With the Grand Depart of the Vendee Globe singlehanded round the world yacht race just eight days ago, some people will be thinking of what it would be like to sail solo, and what qualifications there are out there to sail alone?
The fact is, most people will sail singlehanded at some point in their sailing careers and it is a good way to become self-sufficient – however there isn’t much out there in terms of solo sailing qualifications.
Did you know that only 41 people have successfully sailed solo around the world? Over 3,000 people have survived summiting Everest, and 12 have walked on the Moon – that makes a solo circumnavigation closer in terms of human achievement to a Nasa mission than virtually any other adventure.
Sailors participating in the Vendee Globe could spend up to several months alone, and for safety reasons will never sleep for more than half an hour. If there’s any trouble they may not go to sleep for 24 hours or longer. As such this is a massive psychological and physical feat just to make it around the world, let alone compete with Alex Thompson or Armel de Cleac’h who could be back in Les Sables d’Olonne in 70 days…
To be a solo sailor you largely need to learn to sail in the first place – you don’t have to be a giant of yacht racing with a €30 million budget!
You could sail solo for as little as €200. How? You go through the first steps of your local sailing scheme. Most of these will be on small singlehanders such as the Laser Pico, Optimist and Topper. They are tiny boats for kids yet are incredibly forgiving. Under close observation by your sailing coach, you will learn to launch, tack, gybe and sail at most points of sail.
Look up the CanSail scheme, the RYA syllabus, or the Australian Sailing programme to see how you can get your feet wet on dinghies for the first time.
When I was thinking of buying a boat at my old sailing club a few years ago, a couple of the old timers pointed out that where a married or otherwise committed loving couple go sailing together the sailing itself can cause rifts that lead to them splitting up!
Dinghy racing is intense stuff and you need to work together as a tight unit under a lot of pressure at times. Even with yacht racing the heat of the race can lead to difficult discussions taking place after the skipper shouts at the crew to ‘Let go of that bl**dy sheet quicker next time or we’ll go over!’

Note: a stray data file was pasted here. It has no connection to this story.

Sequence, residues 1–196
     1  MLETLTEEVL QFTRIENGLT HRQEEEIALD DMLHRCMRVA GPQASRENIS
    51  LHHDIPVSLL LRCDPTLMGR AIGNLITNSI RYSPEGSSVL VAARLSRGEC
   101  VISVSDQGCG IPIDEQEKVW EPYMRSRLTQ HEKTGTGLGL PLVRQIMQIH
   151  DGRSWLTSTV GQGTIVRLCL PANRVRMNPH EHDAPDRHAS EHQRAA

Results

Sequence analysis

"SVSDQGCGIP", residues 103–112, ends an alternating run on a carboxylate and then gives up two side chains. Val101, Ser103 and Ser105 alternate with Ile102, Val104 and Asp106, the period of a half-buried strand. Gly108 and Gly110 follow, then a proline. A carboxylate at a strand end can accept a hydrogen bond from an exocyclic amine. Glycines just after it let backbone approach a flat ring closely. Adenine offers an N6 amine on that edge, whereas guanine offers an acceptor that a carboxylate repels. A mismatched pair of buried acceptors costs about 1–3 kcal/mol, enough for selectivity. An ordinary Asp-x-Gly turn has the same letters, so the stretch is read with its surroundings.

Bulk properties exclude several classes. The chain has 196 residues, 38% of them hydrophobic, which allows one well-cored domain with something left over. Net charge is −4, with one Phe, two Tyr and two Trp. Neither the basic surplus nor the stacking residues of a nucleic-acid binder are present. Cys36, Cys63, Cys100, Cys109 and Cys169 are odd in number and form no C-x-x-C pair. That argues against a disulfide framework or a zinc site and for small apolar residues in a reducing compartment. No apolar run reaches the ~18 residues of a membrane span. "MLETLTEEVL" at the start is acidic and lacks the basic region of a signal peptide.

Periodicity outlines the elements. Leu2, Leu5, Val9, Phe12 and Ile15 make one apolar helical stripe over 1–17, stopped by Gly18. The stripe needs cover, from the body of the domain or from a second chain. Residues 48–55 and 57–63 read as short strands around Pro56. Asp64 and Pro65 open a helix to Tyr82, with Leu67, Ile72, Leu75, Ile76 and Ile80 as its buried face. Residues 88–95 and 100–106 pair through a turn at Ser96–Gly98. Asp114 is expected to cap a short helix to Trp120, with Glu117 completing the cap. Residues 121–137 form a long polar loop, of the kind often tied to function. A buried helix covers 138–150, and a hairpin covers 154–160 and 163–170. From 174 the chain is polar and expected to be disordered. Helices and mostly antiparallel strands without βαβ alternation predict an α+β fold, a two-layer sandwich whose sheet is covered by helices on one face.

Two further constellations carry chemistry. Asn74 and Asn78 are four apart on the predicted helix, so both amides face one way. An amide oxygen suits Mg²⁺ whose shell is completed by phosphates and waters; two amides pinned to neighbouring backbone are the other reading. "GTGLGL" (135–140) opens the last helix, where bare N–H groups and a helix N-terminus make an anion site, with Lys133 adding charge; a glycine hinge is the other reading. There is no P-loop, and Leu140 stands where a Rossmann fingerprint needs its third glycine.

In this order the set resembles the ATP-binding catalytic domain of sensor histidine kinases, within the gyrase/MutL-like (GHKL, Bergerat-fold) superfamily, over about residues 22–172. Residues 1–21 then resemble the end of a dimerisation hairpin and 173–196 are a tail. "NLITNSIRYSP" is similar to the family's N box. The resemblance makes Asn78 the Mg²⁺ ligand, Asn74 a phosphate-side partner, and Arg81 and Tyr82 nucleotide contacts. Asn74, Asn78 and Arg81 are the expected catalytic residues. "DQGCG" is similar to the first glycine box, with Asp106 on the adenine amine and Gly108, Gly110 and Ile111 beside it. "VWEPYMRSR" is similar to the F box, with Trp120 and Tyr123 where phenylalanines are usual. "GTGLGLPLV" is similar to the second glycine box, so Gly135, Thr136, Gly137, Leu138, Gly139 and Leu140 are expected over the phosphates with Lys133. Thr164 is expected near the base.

Where those discussions take place between committed couples and one of the pair is less keen on sailing than the other then the best thing that could happen is the crew could find another boat… though the discussion could be brought up again at home to the effect of ‘How dare you speak to me like that…’ and so begins the end of an otherwise happy relationship!
What does this mean? Looking at the field of the sailing club I was in in Bedfordshire, the bulk of the fleet out every Wednesday evening were solo sailors who enjoyed their passion alone. Are most sailors solo even in later parts of their sailing careers? Certainly in dinghy sailing, you may well find this to be the case!
Over the years I have learned that dinghy sailing teaches some of the best technical sailing skills. Not all Vendee skippers have dinghy sailing in their background, but those that do will have great sailing skills that include perfectly trimming their sails for a given course and finding the best puffs of wind further down their route.
This is because dinghy sailing is about marginal gains, and where in the Vendee you may win by hours in a very close race you may win by half a second in a tight dinghy sailing fleet. Two competitors in the Vendee may seek minutes a day of extra room, but those minutes will add up to those hours – and they in turn come from the seconds of marginal gains!
No matter whether you sail solo for whatever distance or as a team, sailing is as much about the fun in the bar after as it is about what you do on the water.
One 2008/9 Vendee Globe veteran told me he spent the week before the race getting drunk with his mates and making last minute decisions – it wasn’t about coldly preparing for the dangerous and exciting 2.5 months ahead so much as having as much fun as your liver could manage!
Sailing solo isn’t just for sociopaths…